1. Leave the scene as is but really put some thought into the dialogue and characters.

2. Completely rethink how the scene is staged…  And then complete #1 regardless.

I’m not sure where I’ll take the scene yet but I know it will be better than it is now.  At this point, I’ve written about half of the script and I’m thrilled with it but more than that, I’m thrilled that these issues are jumping out at me.  If you read your screenplay and something is boring to you it’s DEFINITELY boring to the audience.  I’m sure every screenwriter would agree that eliminating boring scenes is key.

Back to work.

10 Flicks: Will Smith Movies

September 19, 2011 at 7:47 am

10 Flicks: Will Smith Movies | Top 10 Will Smith Movies

In honor of Will Smith being the first artist inducted into the brand new Athletic Nerd Hall of Fame, here are 10 of his best films.

I Am Legend

I, Robot

Bad Boys

Men In Black


The Pursuit of Happyness

Enemy of the State


Bad Boys 2

Independence Day

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Click here for more 10 Flicks Movie Lists

Why Ninja Turtles Made Me Cry

September 16, 2011 at 7:11 am

You're two minutes late dude

XTRA | Top 10 Teenage Mutant Ninja Turtles Movie Quotes

When I first started this blog in 2009, it was called ‘After Then and Before Now’ and called home. 

The blog has a new home and a new name (The Athletic Nerd) but the content is very similar.  (There’s just more of it now.)  When I moved the blog, the plan was to transfer all the existing posts over to the new format.  One of them was called…



That fearsome fighting team dominated my life for years.  I had all the action figures, vehicles, books, stickers, bed sheets and more.  I still have a giant Rafael action figure in a box somewhere in my apartment.  I should seriously look into finding the pictures of me dressed up as Raf for Halloween.  I loved the Ninja Turtles.  You can imagine how I felt when I was heading to the theater. This is what I love about films.  You can truly become immersed in a world that could never exist. (Or can it? I’m sure they are experimenting with ooze in a sewer somewhere.)  Whenever you get that involved in a story it’s only natural for you to become attached to the characters.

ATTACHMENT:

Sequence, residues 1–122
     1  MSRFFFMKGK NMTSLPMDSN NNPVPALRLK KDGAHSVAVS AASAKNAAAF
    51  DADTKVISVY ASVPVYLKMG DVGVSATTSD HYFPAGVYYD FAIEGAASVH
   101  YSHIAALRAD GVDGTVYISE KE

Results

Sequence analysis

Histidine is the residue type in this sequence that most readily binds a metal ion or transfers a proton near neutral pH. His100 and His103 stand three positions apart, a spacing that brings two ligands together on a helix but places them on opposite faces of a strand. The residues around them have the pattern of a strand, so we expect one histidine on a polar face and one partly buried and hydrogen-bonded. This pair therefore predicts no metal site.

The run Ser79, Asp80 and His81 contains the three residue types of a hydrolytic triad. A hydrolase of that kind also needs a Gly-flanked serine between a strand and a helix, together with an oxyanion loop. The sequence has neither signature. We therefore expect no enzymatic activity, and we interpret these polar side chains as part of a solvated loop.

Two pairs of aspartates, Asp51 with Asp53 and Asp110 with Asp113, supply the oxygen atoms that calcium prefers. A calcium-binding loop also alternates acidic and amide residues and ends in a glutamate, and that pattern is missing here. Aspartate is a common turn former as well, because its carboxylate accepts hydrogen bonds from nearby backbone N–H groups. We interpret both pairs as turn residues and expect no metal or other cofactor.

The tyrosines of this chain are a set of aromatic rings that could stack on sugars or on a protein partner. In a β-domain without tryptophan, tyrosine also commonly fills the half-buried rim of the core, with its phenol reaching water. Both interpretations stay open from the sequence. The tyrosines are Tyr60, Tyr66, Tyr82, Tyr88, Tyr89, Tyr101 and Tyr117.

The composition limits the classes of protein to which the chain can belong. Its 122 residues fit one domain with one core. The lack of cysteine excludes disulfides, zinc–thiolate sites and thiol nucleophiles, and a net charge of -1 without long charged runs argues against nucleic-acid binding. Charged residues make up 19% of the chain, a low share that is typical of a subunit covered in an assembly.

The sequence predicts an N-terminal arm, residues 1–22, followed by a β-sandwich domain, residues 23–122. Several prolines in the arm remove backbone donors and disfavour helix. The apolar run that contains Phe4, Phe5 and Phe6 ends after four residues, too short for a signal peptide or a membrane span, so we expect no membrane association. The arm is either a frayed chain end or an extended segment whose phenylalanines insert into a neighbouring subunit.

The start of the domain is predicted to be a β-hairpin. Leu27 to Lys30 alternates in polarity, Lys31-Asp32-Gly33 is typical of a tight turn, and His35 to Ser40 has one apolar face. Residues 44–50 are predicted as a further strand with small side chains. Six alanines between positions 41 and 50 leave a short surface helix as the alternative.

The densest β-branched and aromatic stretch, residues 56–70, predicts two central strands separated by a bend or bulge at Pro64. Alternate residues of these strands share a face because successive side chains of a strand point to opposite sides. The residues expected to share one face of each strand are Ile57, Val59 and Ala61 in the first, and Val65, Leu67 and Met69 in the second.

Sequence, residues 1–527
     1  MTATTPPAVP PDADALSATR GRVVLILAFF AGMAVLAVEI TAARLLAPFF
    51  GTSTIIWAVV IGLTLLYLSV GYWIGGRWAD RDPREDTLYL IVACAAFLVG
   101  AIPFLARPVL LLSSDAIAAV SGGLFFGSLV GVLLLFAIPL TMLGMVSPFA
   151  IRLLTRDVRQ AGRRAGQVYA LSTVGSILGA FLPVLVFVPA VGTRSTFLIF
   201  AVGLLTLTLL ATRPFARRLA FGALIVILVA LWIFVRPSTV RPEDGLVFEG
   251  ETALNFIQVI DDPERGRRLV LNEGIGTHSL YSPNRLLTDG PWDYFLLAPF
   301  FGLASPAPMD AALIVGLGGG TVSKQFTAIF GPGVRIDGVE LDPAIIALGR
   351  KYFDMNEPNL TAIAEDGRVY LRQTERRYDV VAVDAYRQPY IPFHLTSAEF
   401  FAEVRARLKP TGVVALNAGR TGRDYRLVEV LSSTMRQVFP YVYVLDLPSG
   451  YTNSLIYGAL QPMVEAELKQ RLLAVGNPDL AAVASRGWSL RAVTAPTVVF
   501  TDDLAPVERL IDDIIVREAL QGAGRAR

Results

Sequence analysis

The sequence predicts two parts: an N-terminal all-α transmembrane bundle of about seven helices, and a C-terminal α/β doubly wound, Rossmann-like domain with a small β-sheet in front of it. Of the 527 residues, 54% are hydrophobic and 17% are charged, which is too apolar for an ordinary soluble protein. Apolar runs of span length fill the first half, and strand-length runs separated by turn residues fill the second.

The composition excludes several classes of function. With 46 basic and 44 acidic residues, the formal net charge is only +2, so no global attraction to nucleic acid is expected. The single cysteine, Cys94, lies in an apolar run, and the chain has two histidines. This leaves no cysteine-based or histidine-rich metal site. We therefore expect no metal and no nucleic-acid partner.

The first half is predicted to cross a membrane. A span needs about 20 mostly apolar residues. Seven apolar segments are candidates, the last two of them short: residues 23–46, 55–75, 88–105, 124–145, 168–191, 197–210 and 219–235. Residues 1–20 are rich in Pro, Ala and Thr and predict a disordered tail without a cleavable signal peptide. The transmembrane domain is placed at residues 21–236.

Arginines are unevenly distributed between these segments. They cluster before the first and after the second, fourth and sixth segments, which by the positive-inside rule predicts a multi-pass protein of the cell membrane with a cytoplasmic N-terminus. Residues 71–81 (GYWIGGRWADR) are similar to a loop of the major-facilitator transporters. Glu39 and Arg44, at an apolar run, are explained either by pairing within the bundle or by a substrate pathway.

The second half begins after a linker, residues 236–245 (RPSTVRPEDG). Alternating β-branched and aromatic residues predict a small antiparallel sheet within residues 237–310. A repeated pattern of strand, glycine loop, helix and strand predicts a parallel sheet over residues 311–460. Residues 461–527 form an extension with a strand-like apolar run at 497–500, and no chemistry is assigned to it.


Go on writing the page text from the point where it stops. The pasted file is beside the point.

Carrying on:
Let’s get back to the heroes in a half shell.  I’m in the theater and I’m totally wrapped up in the film.  (I’m talking about the first outstanding motion picture experience.)  There is a scene where the turtles gather around a fire and Splinter appears before them.  He offers some heartfelt words of wisdom to his sons.  Just seeing them cry got to me.

“I love you all, my sons…” Says a ghostly Splinter.

Are you kidding me?  What normal kid from my generation didn’t get a little choked up during that scene? I lost it.  I don’t even feel bad about it.  Maybe I’m alone but to date that is the only scene in the history of cinema that made me cry.  (Note: This statistic is based on theater viewings only.  There have been other instances that I am not as comfortable admitting to.)

Teenage Mutant Ninja Turtles Movie 1990 Splinter

It’s every filmmaker’s goal to reach audiences in some way.  Whether it is to make them laugh, cry or scare them until they cry, there is always a plan.  When it comes to screenwriting, I try to be mindful of that fact and work as hard as I can to create the same attachment in my stories.  There’s no guarantee it works every time but the effort remains.  It’s little details that count.  Kind of makes me wonder if the filmmakers sat around laughing about the kids destined to cry during that scene…  Guilty.

PS: I was SEVEN cut me some slack.

Why Ninja Turtles Made Me Cry | Teenage Mutant Ninja Turtles Movie 1990